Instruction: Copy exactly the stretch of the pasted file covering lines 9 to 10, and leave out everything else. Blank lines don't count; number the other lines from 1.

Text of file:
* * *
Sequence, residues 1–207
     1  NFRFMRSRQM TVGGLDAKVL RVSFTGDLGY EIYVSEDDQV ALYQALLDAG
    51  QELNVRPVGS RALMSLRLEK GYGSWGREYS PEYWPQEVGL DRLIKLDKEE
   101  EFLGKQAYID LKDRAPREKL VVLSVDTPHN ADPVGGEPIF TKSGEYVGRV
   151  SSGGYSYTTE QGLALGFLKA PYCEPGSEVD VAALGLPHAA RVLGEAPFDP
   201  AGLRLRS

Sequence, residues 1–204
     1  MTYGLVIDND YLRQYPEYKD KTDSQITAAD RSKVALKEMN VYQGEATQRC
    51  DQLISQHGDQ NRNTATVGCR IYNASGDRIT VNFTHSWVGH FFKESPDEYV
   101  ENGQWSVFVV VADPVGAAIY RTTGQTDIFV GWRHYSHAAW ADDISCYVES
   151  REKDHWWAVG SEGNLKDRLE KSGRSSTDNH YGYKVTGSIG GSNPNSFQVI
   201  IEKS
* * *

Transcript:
    51  DQLISQHGDQ NRNTATVGCR IYNASGDRIT VNFTHSWVGH FFKESPDEYV
   101  ENGQWSVFVV VADPVGAAIY RTTGQTDIFV GWRHYSHAAW ADDISCYVES